Friday, September 28, 2012

Year 3: Week 4 – “This Is Exhausting”

Taylor Swift’s newest song “We Are Never Ever Getting Back Together” has a spoken part in the middle when Taylor describes how she feels about this constant breaking up and getting back together: “And I'm like, I'm just, I mean this is EXHAUSTING.” This is exactly how I felt after teaching one of my music classes earlier this week.

Look, this blog is not about complaining, so I’m not going to spend the rest of this post explaining about how bad they behaved and how hard it is to be a teacher and all of that teacher-hero stuff. Instead I want to think about what really happened in that class and what was it all about.

One of the challenges that I’ve had this year is that I’ve planned the beginning of this year on how the grade ended, not began. For example, part of me expected my new class to be at the point my class was at the end of the year, not the beginning. The reason this happens is that the incredible growth and change that happens in a school year is so gradually that sometimes you are shocked at the beginning of the next year.

So part of this is me needing to adjust my own expectations from how thing ended last year. Another issue is the class itself.

Yes, every class I’ve taught over the past three years have had similar curriculum, instruction strategies and assessment tools, but every single class I’ve taught has had a unique class dynamics. Sometime finding that groove, the way you need to teach that specific class comes really quickly and sometimes it takes longer, I’m searching with that “exhausting” class.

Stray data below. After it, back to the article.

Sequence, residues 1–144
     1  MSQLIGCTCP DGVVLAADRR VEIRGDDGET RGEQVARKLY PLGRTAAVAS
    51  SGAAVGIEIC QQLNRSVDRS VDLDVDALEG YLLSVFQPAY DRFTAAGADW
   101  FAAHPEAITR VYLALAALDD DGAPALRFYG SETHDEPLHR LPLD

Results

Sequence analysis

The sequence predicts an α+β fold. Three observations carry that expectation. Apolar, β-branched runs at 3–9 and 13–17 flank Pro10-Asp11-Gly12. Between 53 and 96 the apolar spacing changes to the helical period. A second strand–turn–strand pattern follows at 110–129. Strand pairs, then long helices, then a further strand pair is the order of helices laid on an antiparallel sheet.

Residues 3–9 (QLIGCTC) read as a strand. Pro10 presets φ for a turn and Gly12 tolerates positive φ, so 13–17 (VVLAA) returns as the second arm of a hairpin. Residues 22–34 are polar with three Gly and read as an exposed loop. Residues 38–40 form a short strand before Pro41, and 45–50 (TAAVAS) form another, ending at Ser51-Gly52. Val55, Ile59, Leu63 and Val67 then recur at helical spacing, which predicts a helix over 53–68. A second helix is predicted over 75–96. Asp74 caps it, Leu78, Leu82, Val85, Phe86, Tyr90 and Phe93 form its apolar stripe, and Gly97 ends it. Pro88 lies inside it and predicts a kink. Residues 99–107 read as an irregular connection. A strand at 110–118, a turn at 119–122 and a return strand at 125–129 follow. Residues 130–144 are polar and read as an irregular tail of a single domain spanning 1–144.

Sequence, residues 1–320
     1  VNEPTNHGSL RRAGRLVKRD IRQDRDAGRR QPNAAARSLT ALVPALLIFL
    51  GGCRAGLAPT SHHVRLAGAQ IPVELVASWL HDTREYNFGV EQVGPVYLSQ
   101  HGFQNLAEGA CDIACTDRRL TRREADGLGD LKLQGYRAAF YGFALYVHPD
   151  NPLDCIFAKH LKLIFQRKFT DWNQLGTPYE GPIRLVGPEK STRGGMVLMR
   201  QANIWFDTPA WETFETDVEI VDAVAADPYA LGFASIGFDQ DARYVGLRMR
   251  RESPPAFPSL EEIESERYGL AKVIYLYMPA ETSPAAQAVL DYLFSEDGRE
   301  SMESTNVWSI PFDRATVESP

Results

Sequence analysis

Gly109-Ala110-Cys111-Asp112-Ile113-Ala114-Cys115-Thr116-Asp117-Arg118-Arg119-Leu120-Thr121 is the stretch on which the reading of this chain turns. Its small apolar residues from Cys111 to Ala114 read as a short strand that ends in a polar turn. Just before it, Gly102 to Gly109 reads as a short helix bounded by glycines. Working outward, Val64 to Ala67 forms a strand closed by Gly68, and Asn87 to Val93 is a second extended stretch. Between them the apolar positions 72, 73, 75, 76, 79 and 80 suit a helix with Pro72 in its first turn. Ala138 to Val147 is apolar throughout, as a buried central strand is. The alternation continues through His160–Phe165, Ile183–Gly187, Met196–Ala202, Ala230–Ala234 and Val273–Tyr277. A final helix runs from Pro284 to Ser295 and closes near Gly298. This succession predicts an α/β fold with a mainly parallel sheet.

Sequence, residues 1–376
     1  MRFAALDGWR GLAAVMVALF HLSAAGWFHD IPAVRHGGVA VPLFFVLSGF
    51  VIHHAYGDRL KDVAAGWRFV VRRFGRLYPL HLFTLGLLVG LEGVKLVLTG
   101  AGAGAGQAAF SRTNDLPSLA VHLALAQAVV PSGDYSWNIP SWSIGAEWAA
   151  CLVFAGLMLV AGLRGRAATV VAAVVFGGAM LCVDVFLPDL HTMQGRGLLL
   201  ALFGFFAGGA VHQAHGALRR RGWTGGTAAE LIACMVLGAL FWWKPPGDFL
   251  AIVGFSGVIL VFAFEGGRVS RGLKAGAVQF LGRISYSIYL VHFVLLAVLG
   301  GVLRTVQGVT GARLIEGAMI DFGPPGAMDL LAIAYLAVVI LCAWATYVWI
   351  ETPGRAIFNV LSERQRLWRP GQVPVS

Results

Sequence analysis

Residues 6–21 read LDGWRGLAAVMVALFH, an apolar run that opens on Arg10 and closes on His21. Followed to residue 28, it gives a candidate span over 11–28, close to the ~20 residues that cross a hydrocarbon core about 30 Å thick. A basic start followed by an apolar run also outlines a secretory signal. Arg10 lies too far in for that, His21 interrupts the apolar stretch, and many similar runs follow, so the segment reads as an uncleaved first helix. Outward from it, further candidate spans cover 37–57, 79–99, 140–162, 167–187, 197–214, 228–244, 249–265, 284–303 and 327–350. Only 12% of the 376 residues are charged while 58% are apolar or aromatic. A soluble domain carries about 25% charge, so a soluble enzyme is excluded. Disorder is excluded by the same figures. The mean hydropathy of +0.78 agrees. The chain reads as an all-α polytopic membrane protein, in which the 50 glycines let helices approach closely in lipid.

Now, I’m not alone here. The homeroom teacher and I get along great and we’ve been talking at length about strategies to best help this class succeed. She totally has my back and I have hers. I’m happy to reinforce themes and ideas that strike a chord in her class and she is eager to hear about things that I try in my class.

This kind of professional relationship is one of the things that I love my school. I didn’t have this at previous schools and it really makes me not feel as bad about the issues I’m having, knowing that I’m not alone.

I told this kids that they were exhausting. I told them that I wasn’t sure what I needed to do to help them pull themselves together and I told them that I wanted to help them get to a point where they could have more choices by making better choices about the way they operated in the classroom. That was really honest, because frankly right now, I’m not sure what to do them.

That’s okay though, that feeling of being lost, running out of ideas is not something to fear. When you hit that point that I’m at with these kids, this is when you grow, this is when you become creative and through working with other teachers not only find solutions but also build relationships.

Yes, I’m exhausted, but I haven’t given up and as Scarlett said “After all... tomorrow is another day.”

No comments:

Post a Comment